Irises are prone to a number of problems. Nematodes can be a pesky problem. This tiny little worm like insects feed on the roots. Some catalogues sell beneficial nematodes that eat the bad ones. Old marigold flowers cultivated into the soil will drive them away. If you do not see any visible sign of insects, your pH may be too low. Irises prefer a slightly acidic soil at 6.5 pH. Usually, adding a handful of lime each year will suffice. There is still time this year for a late bloom. Don't be surprised, if they skip a year. There are fungi and wilts that may be visible in the roots. Dig one plant out. If you see rooting of the root and especially the bulbs, dig them out and throw them away. Erwinia carotovora is a serious bacterial infection that is usually a result of low cultivation. Roots need oxygen. Another disease that shows up as damage to roots is fusarium wilt. This fungus will cause dry rot in the bulbs. Scletotium root rot shows a slimy substance at the base of the plant. If you roots are sound, add the lime and read the therapy for roses below.

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Question: 478-611
When is the best time to thin beardless Irises? We have a common blue variety. Anna, Coldwell, WV

Mort's Answer:
Iris sibirica and I. orientalis are the more popular specie of the smaller blue flowers. Like all Irises, they prefer to be thinned quite regularly. Every four or five years, you can divide them at the onset of spring. They must not be left out to dry like their cousins with the beards. Keep them moist at all times. Clumps of over four inches can be dissected and transplanted immediately. It can be done in the fall but spring is the best time after the bloom has passed. They also could be dried in the mid summer and placed in cool dry storage and replanted in the fall. Most folks find this to be too much work. If you do this right after they have finished blooming this year, you can do both procedures simultaneously.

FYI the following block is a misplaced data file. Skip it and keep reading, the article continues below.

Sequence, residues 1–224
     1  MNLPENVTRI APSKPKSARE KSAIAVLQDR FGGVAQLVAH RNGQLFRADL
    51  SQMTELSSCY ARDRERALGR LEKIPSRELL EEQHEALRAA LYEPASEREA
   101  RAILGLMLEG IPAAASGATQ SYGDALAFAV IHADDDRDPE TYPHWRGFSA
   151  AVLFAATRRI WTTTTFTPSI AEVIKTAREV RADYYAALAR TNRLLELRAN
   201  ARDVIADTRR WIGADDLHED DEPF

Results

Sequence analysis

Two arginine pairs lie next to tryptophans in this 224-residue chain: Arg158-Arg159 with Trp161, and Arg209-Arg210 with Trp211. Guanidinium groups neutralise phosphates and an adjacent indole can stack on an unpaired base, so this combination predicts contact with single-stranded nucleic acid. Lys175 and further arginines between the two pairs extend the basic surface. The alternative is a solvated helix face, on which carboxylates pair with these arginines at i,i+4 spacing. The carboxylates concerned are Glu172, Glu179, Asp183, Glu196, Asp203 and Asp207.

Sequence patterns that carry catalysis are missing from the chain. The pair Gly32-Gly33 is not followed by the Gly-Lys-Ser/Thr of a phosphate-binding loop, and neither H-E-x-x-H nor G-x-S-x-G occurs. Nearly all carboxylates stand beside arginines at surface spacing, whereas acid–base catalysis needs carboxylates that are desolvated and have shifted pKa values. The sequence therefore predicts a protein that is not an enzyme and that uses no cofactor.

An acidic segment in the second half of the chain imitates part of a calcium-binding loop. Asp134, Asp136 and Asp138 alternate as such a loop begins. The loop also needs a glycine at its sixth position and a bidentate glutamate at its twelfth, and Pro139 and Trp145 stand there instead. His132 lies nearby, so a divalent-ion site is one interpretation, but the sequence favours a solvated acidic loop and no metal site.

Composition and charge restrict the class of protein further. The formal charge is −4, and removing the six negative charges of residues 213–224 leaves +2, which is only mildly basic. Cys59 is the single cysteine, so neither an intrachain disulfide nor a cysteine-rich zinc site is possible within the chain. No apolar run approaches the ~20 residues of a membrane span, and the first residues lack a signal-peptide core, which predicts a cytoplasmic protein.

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Question: 523-

Mort's Answer:

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Question: 1163-3714
My irises look bad this year. Can they be cut back now? My tiger lilies have not done well either. Can I move the tigers now? Francis, Norwich CT

Mort's Answer:
Perennials can be moved in the fall after they are finished blooming. Irises should be split every two or three years anyway. I like to cut them back to two inches from the ground, when they are done blooming in the spring. Fall is a good time to transplant your tiger lilies, as well. You should add some hydrated lime to the soil of the irises. They will love you for it.

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Question: 1389-4316
Can I split my irises and plant them now? Francis, Norwich, CT

Mort's Answer:
Irises should be split every three years to help them thrive. Cut them back to three or four inches from the ground now. They will do well now if you transplant the splits as soon as you can. You need not put fertilizer in the new holes. Throw away any pieces that are brown or black. You can spread some bonemeal on the top of the soil to finish the job.